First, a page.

CDC Weighs Consideration of Male Circumcision as an HIV Prevention Tool

The Centers for Disease Control and Prevention (CDC) is considering whether or not to recommend male circumcision as an HIV prevention strategy after a new study released by the agency suggests that the procedure does not reduce the risk of contracting HIV among men who have sex with men.[i] The new guidelines, which are still being written, will be released later this year for public comment before being finalized in 2010.[ii]

UNAIDS and other international health groups have endorsed male circumcision worldwide in light of clinical trials that show it can reduce HIV transmission by up to 60%. These results have led to male circumcision being deemed an “important intervention” in the global fight against the HIV/AIDS epidemic.[iii]
However, many question how applicable those trials are to the United States and whether increasing male circumcision will have as much of an impact domestically.[iv] The studies cited by UNAIDS were completed in African nations, where HIV prevalence is high, male circumcision rates are low, and the primary mode of transmission is heterosexual intercourse.[v] In the United States, however, half of all new infections occur in men who have sex with men, a mode of transmission that is not appreciably reduced by circumcision.[vi] Others question whether the practice should be endorsed based on the ethical and moral issue of mandating a medically unnecessary procedure without the child's consent.[vii] Until now, medical groups have avoided making a statement on the procedure, saying that it should be left up to the cultural and personal preferences of the parents.[viii]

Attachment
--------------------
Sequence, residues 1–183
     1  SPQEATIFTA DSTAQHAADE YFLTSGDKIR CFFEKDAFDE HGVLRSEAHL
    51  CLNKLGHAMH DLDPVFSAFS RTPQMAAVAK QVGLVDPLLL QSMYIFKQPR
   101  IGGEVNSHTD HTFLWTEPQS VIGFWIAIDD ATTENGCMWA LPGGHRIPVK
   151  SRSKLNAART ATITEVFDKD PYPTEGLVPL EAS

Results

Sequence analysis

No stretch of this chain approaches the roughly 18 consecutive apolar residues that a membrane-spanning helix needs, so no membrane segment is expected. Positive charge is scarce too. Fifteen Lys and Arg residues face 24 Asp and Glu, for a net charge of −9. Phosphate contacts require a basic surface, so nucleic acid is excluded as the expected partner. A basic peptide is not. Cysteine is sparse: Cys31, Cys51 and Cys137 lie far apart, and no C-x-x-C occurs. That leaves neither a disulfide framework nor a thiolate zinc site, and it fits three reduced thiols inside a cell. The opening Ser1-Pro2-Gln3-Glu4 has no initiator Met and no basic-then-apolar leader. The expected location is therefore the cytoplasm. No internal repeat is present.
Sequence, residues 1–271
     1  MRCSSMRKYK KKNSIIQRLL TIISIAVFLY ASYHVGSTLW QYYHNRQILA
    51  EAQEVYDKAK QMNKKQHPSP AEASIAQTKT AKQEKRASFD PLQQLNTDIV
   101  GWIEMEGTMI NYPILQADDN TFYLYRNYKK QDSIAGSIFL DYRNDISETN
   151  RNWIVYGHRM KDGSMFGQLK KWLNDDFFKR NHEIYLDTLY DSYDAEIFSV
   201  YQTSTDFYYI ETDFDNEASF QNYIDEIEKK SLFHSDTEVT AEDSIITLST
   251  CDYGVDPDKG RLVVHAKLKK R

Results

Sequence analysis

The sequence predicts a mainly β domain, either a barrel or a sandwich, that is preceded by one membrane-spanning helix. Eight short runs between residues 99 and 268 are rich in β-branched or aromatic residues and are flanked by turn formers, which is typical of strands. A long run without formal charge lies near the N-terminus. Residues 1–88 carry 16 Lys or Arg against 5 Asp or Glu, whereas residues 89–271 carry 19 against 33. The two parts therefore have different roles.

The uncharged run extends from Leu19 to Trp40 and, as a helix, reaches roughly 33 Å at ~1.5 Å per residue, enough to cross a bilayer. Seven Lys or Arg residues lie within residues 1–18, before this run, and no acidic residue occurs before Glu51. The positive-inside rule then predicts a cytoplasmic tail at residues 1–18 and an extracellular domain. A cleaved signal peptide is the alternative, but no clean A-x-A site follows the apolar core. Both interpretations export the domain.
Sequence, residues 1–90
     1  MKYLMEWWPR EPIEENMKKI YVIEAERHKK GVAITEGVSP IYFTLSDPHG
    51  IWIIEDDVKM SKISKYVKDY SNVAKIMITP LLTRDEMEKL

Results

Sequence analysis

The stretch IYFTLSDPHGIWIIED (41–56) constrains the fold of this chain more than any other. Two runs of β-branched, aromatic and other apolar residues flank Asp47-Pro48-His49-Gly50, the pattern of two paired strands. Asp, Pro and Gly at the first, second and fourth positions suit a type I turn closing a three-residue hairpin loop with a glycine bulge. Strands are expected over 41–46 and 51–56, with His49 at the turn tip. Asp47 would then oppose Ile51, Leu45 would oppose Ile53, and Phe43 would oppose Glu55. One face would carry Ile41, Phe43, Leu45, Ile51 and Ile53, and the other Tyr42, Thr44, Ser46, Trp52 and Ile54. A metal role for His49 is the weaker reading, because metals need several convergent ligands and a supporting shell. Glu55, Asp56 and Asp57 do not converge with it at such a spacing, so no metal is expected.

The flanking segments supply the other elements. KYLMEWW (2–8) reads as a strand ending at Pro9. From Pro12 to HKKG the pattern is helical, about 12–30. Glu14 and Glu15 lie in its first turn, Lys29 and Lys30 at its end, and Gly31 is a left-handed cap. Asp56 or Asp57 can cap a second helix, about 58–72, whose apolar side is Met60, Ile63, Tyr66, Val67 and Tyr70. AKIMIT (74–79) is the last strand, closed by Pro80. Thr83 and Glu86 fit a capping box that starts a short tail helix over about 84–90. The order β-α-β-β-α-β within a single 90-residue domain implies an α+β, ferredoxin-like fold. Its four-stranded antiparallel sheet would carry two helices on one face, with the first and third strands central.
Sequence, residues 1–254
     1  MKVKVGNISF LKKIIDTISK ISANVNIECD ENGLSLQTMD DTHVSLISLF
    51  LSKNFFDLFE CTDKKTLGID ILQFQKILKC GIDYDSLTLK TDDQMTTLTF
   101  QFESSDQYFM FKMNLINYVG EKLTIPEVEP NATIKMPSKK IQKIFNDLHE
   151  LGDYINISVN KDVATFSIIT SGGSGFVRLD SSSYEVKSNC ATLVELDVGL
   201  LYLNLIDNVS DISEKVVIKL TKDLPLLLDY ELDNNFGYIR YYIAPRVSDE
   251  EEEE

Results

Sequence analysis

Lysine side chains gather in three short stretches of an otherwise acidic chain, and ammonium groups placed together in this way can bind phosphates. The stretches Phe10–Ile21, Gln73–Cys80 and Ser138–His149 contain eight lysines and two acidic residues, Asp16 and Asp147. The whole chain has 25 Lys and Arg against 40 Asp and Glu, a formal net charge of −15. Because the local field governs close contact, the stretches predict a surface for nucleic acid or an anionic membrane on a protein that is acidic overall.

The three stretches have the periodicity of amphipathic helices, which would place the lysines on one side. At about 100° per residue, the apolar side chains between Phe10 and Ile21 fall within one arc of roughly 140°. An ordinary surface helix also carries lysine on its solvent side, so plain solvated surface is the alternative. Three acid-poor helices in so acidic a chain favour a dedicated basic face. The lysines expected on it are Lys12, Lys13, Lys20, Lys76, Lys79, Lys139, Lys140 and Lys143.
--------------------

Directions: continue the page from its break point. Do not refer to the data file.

But some public health officials believe it is important to consider any tool in the fight against HIV/AIDS, even if adherence to it is voluntary.[ix] Approximately 79% of American males are circumcised; however, these numbers are lower in communities of color, which are hardest hit by the HIV/AIDS epidemic. And without guidelines from the CDC, many state Medicaid programs will not pay for the procedure.[x] “We have a significant H.I.V. epidemic in this country, and we really need to look carefully at any potential intervention that could be another tool in the toolbox we use to address the epidemic,” said Dr. Peter Kilmarx, chief epidemiologist for the Division of HIV/AIDS Prevention at the CDC.[xi]
The CDC has released a statement on its website stating that it has made “no determination at this time about the final content [of the guidelines].”[xii] And, while it is considering recommendations for both male infants and heterosexual men who are at high risk, the statement declares that whatever the content, “CDC’s final circumcision recommendations will be completely voluntary.”[xiii]

[i] Roni Caryn Rabin, “Officials Weigh Circumcision to Fight HIV Risk,” New York Times, 24 August 2009, accessed 16 September 2009. <>.
[ii] Rabin, “Officials Weigh Circumcision.”
[iii] UNAIDS, “Male Circumcision,” accessed 16 September 2009, <>.
[iv] Rabin, “Officials Weigh Circumcision.”
[v] Rabin, “Officials Weigh Circumcision.”
[vi] Mike Stobbe, “Circumcision Doesn’t Protect Gays for AIDS Virus,” Associated Press, 25 August 2009, accessed 16 September 2009, <>.
[vii] Rabin, “Officials Weigh Circumcision.”
[viii] Ibid.
[ix] Deborah L. Shelton, “Circumcision: Change in Medical option Possible,” Chicago Tribune, 27 August 2009, accessed 19 September 2009,
[x] Ibid.
[xi] Rabin, “Officials Weigh Circumcision.”
[xii] Centers for Disease Control and Prevention, “Status of CDC Male Circumcision Recommendations,” 27 August 2009, accessed 16 September 2009, <>.
[xiii] Ibid.


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